Resurrection Of A Market
27 June 2018 by Ben Hayward
The last ten year period has seen supply from various parts of the ABS market ebb and flow. This has been driven by sector specific issues – cheaper funding levels being provided by Funding for Lending keeping UK Prime levels low, sales of state-owned assets leading to jumbo sized financings from private equity buyers, and so on.
Commercial Mortgage Backed Securities (CMBS) saw a dearth of new supply in 2016 and 2017, and significant levels of negative net issuance as existing transactions matured. The lack of supply was mainly driven by a strong bid from commercial real estate (CRE) debt investors. If an investment bank makes a loan to a property investor, and they can syndicate that loan to CRE debt investors at a similar rate as they can sell it to CMBS investors, then why spend the time, effort and significant cash required to get the CMBS deal structured, rated and sold?
The economics of the markets are now more balance and in 2018 we have seen the primary CMBS market return to life, with the seventh deal being announced yesterday. To date those deals have covered loans on properties in Italy, the UK, the Netherlands, Germany and surprisingly, Finland. In terms of types of property we have seen hotels, shopping malls, offices, storage, logistics and even a bit of parking. When I say “we have seen”, we have done just that – one of the benefits of ABS is the ability to do on-site due diligence on the asset pools. For consumer assets (mortgages, credit cards, auto loans) investors can visit the underwriting and servicing operations of the lenders, rather than the borrowers or properties. This is due to the very large number of loans, as well as consumer privacy laws.
For CMBS deals however, we know who is buying the properties and which properties, and for deals we are interested in we can go and talk to the borrower and visit the properties. We want to know how the properties’ revenue generating profile is going to be improved, and therefore the credit quality of our bonds. We may also want to know how much capital they are going to spend renovating the property, what will that mean for increased rental income, and is there an asset disposal profile? Furthermore, we want to see things that you can only ascertain from a site visit – what the location is like, is there competing or complementary construction happening nearby, and are the photos and marketing materials for the deal an accurate representation?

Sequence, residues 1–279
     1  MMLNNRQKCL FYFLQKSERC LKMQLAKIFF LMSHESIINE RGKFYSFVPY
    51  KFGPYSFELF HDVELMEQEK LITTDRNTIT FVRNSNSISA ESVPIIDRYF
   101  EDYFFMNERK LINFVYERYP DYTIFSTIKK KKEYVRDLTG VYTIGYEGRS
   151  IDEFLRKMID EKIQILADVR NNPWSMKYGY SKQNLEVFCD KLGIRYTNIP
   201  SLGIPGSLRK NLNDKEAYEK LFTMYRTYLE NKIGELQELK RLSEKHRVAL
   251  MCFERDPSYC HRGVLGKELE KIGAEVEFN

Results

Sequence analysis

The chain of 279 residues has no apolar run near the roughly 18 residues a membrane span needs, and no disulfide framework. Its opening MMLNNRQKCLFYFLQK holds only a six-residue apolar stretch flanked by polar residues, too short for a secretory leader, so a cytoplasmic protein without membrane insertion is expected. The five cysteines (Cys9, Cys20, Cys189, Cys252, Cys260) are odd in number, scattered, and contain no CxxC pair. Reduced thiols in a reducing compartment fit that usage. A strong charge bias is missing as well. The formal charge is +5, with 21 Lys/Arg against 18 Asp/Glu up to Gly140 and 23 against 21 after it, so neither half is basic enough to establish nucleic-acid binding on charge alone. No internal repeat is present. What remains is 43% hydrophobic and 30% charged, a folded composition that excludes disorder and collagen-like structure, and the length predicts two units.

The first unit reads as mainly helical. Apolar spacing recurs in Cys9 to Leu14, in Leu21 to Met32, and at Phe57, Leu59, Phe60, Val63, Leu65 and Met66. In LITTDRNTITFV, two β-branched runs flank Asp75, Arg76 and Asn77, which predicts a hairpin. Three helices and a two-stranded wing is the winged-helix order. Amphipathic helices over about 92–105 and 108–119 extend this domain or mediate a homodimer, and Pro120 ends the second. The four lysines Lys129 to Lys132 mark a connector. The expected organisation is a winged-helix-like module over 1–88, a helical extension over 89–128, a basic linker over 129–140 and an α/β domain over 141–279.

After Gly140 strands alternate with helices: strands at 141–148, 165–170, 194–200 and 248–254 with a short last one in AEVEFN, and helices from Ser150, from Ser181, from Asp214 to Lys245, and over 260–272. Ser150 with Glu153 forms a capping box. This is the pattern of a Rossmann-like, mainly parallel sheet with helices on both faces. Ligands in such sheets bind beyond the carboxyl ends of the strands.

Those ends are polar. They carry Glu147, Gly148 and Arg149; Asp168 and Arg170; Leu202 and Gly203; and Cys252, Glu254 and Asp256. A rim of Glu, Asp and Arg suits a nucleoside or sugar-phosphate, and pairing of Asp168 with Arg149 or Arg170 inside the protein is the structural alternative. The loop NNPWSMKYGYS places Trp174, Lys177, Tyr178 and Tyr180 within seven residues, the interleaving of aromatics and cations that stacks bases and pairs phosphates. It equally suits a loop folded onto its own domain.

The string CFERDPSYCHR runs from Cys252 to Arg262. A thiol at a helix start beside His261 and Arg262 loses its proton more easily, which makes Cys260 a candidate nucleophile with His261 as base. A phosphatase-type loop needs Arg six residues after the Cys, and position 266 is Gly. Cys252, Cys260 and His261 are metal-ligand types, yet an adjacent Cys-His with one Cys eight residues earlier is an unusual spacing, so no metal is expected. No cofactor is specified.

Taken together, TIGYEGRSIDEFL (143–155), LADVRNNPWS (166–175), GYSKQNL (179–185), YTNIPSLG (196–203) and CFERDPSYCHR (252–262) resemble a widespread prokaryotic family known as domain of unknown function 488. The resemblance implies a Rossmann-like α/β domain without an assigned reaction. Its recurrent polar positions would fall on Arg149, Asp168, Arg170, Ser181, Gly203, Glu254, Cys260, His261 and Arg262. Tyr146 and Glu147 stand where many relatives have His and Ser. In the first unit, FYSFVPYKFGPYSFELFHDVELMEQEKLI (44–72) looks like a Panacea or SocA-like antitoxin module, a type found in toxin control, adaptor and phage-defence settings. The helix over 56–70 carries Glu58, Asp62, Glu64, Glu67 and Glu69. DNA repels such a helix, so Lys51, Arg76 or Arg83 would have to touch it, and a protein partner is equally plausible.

What has this resurrected opportunity meant for TwentyFour funds? In general there is good value to be had in CMBS. They typically tend to offer full capital structures, enabling us to choose where we want to invest to meet our risk and return appetite, with pricing in line with or wider than non-bank RMBS in the UK. It also gives us the opportunity to invest in some geographies where we don’t see much issuance in consumer transactions.
However, we have to be aware of the esoteric nature of the asset class. It is not easy, for example, to directly compare a loan on a Private Equity owned portfolio of Italian shopping malls to a HNW owned portfolio of branded UK hotels.
One thing that has stuck out to us this year has been borrower intentions; ideally we want to see material equity in the property from the borrower, a clear business plan and the intention to retain the assets for the duration of the financing.
While it has not been the only reason for rejecting deals in 2018, that last point has been a pertinent issue, with a number of deals allowing for the properties to be sold with the CMBS financing remaining in place. If we are effectively lending money to a large “household name” investor to buy good quality assets we want to know that same investor is in the deal for the long-haul. We are to a certain extent buying into their business plan, their capex for the property, and their vision for its management. A high quality asset will not stay that way without the appropriate management, and a relatively open-ended ability to sell the assets and the financing as a package, while very advantageous to the property investors, adds uncertainty for bond investors and is an optionality that is not always compensated for in these deals.
While we are pleased to see the return of supply in the CMBS market at attractive levels, verifying the asset quality and the borrower’s intentions holds the key to investing with confidence, and this is something that has to be priced appropriately.
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